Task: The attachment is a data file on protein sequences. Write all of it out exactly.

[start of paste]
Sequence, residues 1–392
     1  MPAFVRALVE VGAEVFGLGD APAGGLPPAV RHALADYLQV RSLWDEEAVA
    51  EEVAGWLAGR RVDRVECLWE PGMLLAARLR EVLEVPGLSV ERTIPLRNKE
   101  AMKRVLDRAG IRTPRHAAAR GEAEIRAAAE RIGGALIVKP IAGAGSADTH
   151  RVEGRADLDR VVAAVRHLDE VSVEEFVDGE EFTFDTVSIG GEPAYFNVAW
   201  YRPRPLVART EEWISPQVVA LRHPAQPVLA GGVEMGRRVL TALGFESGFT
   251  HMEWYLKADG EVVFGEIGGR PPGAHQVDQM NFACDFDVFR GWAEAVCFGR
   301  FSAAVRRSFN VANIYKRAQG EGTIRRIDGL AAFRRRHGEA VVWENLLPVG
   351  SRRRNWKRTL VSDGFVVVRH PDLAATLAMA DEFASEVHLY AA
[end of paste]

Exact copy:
Sequence, residues 1–392
     1  MPAFVRALVE VGAEVFGLGD APAGGLPPAV RHALADYLQV RSLWDEEAVA
    51  EEVAGWLAGR RVDRVECLWE PGMLLAARLR EVLEVPGLSV ERTIPLRNKE
   101  AMKRVLDRAG IRTPRHAAAR GEAEIRAAAE RIGGALIVKP IAGAGSADTH
   151  RVEGRADLDR VVAAVRHLDE VSVEEFVDGE EFTFDTVSIG GEPAYFNVAW
   201  YRPRPLVART EEWISPQVVA LRHPAQPVLA GGVEMGRRVL TALGFESGFT
   251  HMEWYLKADG EVVFGEIGGR PPGAHQVDQM NFACDFDVFR GWAEAVCFGR
   301  FSAAVRRSFN VANIYKRAQG EGTIRRIDGL AAFRRRHGEA VVWENLLPVG
   351  SRRRNWKRTL VSDGFVVVRH PDLAATLAMA DEFASEVHLY AA